As she sat by the window she saw a sparrow come flying through the snowflakes, and, to her delight, he perched upon the outer window sill, and stayed there for a minute, looking at her as if he had something very particular to say. Margery had only time to wish there were some crumbs ready, when he turned and darted away, and she gave a little sigh and wished that he had stayed. Mamma's pen was scratching away as fast as it could, to finish the letter, and Margery listened to it and found she was growing sleepy. Then suddenly the sparrow came flying back, and this time it came right through the glass, and perched on the window-sill, inside, and walked sideways until it was as close to Margery as it could get, and asked in a queer, little, chirping voice, if she were perfectly sure [t]here was no cat in the room.
"Oh, yes," said Margery; "mamma does not like cats, you know" -- and the bird quietly began to smooth its feathers, which were wet and rumpled, but presently when they were all in order, it sat up very straight and asked, "What do you suppose I have come for?"
But Margery did not know.
"We were very sorry to find the weather so bad to-day; we hoped that you would come to see us again," said the bird politely.
"Oh," said Margery, "you are that bird, aren't you? All sparrows look just alike, you know; but I suppose you can tell each other apart just as people can."
"Of course," said the sparrow, and he pecked at Margery as if he were angry with her, and she could not help laughing.
"If you only knew us as well as we know you!" said the bird; "but most of you torment us when you are young and forget us when you grow up. You keep cats, and you frighten us every time you go out of doors. We have rights as well as you." And he hopped back and forth two or three times. "I don't mean that you do such things. All the birds in the garden know you and like you; and I came to bring you a present, because you were very nice to us yesterday and gave us such a good supper."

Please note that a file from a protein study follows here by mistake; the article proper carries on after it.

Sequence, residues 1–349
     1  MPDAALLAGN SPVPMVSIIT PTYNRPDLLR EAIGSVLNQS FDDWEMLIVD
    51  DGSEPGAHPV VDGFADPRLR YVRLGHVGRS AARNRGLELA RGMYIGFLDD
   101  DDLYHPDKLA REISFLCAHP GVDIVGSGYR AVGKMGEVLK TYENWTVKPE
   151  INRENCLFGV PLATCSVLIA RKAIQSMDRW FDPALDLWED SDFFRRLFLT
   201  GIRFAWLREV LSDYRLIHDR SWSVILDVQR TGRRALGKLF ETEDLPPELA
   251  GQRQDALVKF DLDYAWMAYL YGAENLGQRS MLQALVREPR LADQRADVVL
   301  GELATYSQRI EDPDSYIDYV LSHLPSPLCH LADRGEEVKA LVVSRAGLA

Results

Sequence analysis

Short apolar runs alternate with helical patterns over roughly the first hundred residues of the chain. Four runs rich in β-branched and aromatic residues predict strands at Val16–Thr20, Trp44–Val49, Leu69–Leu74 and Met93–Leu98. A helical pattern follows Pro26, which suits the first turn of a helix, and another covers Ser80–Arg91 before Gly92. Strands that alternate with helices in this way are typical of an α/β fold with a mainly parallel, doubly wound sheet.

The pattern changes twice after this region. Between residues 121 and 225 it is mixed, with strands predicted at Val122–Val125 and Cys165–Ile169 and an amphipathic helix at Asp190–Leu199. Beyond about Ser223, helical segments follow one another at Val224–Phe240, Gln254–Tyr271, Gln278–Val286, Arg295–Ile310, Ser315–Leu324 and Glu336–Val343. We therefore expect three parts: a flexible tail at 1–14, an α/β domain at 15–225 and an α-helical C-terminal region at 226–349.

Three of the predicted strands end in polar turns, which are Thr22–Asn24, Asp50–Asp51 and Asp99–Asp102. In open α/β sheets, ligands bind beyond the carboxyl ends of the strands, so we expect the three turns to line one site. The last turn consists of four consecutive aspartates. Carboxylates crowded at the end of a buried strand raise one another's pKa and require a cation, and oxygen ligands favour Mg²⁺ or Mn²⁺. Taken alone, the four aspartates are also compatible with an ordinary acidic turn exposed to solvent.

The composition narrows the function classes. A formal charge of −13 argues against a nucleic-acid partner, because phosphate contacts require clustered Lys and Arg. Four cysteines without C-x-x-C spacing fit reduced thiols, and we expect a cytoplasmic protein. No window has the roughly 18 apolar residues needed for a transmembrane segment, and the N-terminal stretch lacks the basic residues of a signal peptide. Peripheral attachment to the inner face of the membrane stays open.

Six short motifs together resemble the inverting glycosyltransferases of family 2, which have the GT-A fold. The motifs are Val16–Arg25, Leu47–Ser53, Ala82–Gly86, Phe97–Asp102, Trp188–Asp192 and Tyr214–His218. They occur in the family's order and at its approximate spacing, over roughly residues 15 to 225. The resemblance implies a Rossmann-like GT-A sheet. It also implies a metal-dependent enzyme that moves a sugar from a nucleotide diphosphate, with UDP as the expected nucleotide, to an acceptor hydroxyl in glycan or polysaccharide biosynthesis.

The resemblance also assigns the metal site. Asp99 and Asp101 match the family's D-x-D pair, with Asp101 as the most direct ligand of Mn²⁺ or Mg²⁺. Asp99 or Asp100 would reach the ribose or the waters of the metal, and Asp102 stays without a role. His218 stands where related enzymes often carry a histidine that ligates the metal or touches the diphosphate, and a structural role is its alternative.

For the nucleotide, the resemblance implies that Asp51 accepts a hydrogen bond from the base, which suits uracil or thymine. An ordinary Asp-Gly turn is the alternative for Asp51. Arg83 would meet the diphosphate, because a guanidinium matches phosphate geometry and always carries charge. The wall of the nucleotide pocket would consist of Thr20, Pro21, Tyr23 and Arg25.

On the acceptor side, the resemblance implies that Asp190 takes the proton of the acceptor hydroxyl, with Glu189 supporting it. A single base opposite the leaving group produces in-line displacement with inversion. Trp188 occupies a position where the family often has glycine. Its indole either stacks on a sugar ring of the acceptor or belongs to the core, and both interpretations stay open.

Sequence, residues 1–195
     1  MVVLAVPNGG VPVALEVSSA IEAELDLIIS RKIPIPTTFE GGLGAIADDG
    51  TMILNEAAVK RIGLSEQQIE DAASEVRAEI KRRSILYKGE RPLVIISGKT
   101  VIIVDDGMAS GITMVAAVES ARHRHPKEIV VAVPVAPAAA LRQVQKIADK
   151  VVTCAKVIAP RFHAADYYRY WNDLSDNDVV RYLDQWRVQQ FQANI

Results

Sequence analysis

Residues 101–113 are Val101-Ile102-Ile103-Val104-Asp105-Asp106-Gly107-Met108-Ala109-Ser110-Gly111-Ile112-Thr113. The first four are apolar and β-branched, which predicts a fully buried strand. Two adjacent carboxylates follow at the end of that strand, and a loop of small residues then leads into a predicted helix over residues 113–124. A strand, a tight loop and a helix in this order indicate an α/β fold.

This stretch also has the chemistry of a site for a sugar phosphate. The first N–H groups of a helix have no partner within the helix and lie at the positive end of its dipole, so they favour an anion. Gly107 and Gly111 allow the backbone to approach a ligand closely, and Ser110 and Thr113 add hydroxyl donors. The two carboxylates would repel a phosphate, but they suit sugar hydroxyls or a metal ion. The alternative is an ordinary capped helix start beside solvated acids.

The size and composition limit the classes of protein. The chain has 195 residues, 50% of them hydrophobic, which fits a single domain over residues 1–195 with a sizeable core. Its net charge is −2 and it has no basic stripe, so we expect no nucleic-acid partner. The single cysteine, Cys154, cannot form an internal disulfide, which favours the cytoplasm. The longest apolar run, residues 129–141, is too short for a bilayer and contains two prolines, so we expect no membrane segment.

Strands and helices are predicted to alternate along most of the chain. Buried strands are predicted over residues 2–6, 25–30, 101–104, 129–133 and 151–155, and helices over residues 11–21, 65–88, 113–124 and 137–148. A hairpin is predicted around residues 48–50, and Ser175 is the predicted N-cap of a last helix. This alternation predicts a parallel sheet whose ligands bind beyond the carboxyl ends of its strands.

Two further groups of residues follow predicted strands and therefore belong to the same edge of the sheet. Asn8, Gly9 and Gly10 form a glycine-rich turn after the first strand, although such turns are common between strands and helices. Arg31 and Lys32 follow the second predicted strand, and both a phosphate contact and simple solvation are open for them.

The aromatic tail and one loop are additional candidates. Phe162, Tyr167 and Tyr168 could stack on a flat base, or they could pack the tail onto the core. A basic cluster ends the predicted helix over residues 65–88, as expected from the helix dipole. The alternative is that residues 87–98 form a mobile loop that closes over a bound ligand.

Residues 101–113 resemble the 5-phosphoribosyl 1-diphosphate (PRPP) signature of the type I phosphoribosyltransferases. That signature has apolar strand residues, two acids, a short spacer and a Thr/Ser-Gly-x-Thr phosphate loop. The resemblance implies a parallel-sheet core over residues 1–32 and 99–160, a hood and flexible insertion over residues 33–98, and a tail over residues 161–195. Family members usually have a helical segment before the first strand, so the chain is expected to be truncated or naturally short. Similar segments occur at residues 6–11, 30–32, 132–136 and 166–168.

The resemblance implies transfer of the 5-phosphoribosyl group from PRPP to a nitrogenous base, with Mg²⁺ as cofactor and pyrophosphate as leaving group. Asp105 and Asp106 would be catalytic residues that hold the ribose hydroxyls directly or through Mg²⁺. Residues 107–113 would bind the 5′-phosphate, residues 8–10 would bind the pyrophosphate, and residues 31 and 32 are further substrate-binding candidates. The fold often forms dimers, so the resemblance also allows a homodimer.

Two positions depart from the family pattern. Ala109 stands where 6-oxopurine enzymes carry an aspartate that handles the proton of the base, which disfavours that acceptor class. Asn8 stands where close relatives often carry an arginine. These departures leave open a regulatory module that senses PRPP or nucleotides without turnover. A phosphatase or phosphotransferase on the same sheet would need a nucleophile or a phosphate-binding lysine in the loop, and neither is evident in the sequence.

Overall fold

"I was so glad you were not frightened," answered Margery, "but you needn't have brought me anything." Though, if the truth must be told, she was longing to know what the present might be.
The bird stood on one claw and felt under one wing with the other, as if there were a pocket there, and took out two little pieces of something that looked like glass. Margery saw them, and felt greatly disappointed; she thought there would be something much nicer than those. She would have liked even a pretty feather better, and she could not help thinking that the birds must find so many pretty things that have been lost. She had been wondering if somebody wouldn't give her a ring for a Christmas present.
"When people are very good to us, and very gentle, and when they like to please other people," chirped the small guest, in his funny voice, which made Margery keep wishing to smile, "we give them some new eyes. You put them over the old ones, and you can see better forever afterward, for you will see what people are wishing for[.] They will make you more and more useful, and so you will grow happier and happier. Now open your eyes wide!" and the sparrow flew quickly to Margery's notes and held it with one claw while he reached with the other first to the right eye and then to the left, and dropped the new eyes upon the old ones. And then he flew away, while Margery rubbed her eyes because she thought they felt queerly. And she wondered if she really should see anything that she had not seen before.